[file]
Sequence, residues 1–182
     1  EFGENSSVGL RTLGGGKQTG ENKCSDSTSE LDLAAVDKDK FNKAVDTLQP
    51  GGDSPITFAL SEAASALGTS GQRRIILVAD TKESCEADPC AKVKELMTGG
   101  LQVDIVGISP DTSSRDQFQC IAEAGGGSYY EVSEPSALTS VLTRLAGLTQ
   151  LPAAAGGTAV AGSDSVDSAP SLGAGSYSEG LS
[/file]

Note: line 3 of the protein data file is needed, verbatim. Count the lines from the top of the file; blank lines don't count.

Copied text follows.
    51  GGDSPITFAL SEAASALGTS GQRRIILVAD TKESCEADPC AKVKELMTGG